Social Care in a Time of Cuts

When I went into social work, and still from time to time, I come across more experienced colleagues who have been working in the field for far longer than I and they tell me about the ‘golden era’ of social work.

They tell me about the joys of real generic social work where they might start the day liaising with foster carers and end the day supporting an adult with a mental health need. Where they might have been involved in ‘real community work’ rather than the staid and procedural role that seems to have forced its way into the profession in recent decades.

It seemed to me, as an extension of the human propensity to reminiscence about times and experiences ‘in the past’ with a certain sugar coating. Just as ‘schooldays are your happiest days’ type memories.

As I move through the stages of my career, such as it is, I feel some mild thoughts of ‘how it used to be type nostalgia’ creeping into my own narratives.

I never thought we had particularly ‘good’ times but when I compare the types of care planning and support that was available and look at the bare bones of support provision now, I can’t help but thinking that perhaps we are moving backwards as opposed to forwards.

Social Work in a time of cuts presents a whole new world of ethical dilemmas that previously we might not have faced.

There are some improvements. The roll out of  ‘Direct Payments’ whereby people who  need services were ‘given’ the pot of funding available and were and are able to choose ways to spend it on different and more creative services has been a big step forward.

However this has led to the ‘personalisation’ agenda or the ‘transformation’ agenda or ‘any-kind-of-large-mostly-meaningless-word-you-want-to-add’ agenda which wants to use this model and extrapolate it out. While this certainly provides better systems for some groups of people, the agenda has left others behind, but I’ll come back to that another day.

Regardless of the detail the fact that choice is extended (however poorly in practice it is done – and it is done poorly) and that users are put at the heart of service provision is generally a good thing.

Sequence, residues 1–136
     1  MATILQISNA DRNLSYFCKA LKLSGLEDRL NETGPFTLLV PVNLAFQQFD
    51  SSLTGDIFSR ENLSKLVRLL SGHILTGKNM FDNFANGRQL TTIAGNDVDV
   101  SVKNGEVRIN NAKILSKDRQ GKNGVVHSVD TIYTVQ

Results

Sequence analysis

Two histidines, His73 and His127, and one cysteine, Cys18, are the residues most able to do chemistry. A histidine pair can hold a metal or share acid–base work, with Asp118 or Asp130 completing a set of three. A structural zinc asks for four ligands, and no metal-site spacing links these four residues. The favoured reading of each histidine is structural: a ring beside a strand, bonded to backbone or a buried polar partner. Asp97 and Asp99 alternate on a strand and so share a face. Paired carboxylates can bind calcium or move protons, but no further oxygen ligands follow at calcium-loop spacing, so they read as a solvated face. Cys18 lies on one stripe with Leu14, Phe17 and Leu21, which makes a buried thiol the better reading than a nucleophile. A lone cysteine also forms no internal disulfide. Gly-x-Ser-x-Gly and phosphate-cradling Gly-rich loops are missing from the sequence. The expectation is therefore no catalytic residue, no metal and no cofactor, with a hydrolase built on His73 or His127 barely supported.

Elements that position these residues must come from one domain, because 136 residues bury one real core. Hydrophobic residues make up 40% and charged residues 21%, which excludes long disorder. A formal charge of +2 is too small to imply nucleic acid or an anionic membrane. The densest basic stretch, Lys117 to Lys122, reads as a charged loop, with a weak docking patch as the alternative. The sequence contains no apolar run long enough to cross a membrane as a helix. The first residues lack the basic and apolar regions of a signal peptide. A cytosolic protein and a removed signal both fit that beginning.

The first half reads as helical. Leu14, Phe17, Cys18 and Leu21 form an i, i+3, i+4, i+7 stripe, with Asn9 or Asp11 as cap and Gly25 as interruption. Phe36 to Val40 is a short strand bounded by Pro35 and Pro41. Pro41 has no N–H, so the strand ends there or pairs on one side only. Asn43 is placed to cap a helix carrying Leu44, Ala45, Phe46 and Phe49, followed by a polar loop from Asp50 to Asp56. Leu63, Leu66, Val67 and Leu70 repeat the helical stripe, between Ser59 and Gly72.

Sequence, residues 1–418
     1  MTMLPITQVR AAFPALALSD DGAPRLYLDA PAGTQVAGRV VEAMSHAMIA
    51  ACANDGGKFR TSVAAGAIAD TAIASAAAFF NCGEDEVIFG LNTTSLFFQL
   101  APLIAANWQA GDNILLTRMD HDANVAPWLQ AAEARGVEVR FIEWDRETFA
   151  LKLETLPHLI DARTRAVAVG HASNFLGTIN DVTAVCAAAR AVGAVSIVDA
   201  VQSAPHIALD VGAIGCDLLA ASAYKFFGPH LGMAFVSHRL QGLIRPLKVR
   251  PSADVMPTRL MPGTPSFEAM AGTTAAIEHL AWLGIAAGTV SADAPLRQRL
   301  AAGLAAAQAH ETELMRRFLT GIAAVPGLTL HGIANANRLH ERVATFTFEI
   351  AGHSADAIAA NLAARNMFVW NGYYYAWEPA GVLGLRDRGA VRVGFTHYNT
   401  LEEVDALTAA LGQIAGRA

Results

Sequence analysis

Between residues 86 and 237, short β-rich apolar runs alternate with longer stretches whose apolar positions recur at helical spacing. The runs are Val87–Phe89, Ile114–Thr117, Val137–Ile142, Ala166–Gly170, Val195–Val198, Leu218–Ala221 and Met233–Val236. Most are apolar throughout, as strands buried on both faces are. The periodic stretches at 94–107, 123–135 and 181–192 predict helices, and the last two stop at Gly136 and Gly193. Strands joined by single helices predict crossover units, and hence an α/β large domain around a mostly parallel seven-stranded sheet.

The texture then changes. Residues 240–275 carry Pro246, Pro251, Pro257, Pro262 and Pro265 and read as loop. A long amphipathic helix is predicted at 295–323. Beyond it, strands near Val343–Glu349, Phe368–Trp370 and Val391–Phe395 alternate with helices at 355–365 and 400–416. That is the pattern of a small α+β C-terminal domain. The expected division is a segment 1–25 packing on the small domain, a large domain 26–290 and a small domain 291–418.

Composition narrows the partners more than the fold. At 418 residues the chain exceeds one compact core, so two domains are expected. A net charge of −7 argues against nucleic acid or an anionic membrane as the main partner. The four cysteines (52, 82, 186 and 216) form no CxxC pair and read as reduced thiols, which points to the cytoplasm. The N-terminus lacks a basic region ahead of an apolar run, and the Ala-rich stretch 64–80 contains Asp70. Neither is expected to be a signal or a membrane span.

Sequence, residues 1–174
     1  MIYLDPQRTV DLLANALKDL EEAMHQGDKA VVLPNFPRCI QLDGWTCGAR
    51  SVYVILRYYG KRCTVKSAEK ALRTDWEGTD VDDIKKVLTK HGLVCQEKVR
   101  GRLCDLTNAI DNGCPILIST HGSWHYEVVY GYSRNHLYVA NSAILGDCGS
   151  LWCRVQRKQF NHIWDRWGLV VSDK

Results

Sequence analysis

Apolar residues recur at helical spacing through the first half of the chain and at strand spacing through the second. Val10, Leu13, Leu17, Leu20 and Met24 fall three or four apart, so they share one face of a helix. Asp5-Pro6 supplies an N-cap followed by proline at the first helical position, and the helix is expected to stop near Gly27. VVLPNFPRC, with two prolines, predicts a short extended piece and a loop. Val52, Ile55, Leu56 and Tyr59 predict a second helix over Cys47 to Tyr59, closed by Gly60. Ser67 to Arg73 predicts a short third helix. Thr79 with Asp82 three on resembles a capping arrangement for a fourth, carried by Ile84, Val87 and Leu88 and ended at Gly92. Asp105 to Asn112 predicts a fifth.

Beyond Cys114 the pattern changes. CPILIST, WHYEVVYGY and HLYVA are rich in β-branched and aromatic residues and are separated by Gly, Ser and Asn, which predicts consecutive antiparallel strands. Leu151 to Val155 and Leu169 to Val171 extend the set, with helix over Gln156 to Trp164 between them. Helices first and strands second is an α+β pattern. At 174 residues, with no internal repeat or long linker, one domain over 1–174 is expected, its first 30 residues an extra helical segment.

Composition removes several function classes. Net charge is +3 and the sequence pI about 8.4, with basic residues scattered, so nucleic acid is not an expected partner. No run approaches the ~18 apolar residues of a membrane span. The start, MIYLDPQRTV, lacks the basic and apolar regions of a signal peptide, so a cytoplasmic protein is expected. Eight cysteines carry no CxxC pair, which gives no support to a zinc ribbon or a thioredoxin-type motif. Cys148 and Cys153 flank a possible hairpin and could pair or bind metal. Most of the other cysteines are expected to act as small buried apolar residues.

It’s a shame that the push towards ‘choice’ has come in an era of cuts or perhaps it is and always was wholly inevitable. We are seeing an attempt to push the responsibilities present in the NHS and Community Care Act (1990) and the National Assistance Act (1948) away from local authorities and towards individuals. For some individuals this is wholly appropriate and welcome but as we march towards another type of ‘one size fits all’ provision I do worry where it might lead.

We have fewer provisions to ‘hand out’ and eligibility criteria are rising so that fewer people fall into the ‘service user’ category. As a result, fewer carers will be entitled to what sparse support is available for them and the local authority responsibilities shrink accordingly.

My hope as a part of this blog and as a social worker who has and does work with adults is to monitor and process the ‘dying of the light’ or perhaps, on a very negative day what might be perceived as the ‘dying of the support’.

While less state involvement is exactly the right thing for a lot of people, we have to remember those for whom it remains necessary. The old tired ‘throwing the baby out with the bathwater’ phrase can be overused but I’m going to take the liberty of referring to it here because it explains to me what I see as happening to our social care and health services at the moment.

We, who see it from the ‘inside’ have a duty to report and share with those who might not be aware as it’s happening.

We need to fight.

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2 thoughts on “Social Care in a Time of Cuts

  1. One of the things that I as a service user have noticed about personalisation is that it does not reflect the actual cost of the services that I use, rather a computer generates a figure based on a form that I filled in. It also does not take into consideration rises in prices of services as they happen. If a service increases its prices, the personalisation payment does not increase at the same time. Basing payments on a concept of need rather than actual cost is ideologically sound, but realistically worthless.

    Also the implementation varies from local authority to local authority.
    I have been looking at moving house within london from Camden to Waltham Forest. Currently I receive a personalisation payment from Camden and I use it to attend a service in Westminster. I have a contract with the service that I attend so they know how much income they can rely on. Should I move house I would need to continue attending the service, however, I will have to go through the application for personalisation all over again in the new borough and there is no guarantee that I will receive the same level of payment that I currently receive.

    I need to move house because I am struggling to keep up with my mortgage repayments because I can not work, and this issue is causing me a lot of stress. Given that it took over a year from my initial application for personalisation from Camden Council, to receive any funds, I do not have a lot of faith in the 6 week handover system that is in place!

    Thank you for writing this blog, I look forward to reading more of your posts!

  2. Hi Simon – thanks for your comment. I can’t disagree although I believe the potential new legislation which is supposed to be making its way through Parliament at some point is going to be addressing the issue of ‘portable’ personal budgets. It’s ridiculous that you have to go through the process twice but equality ridiculous is the system that’s currently in place, unfortunately.

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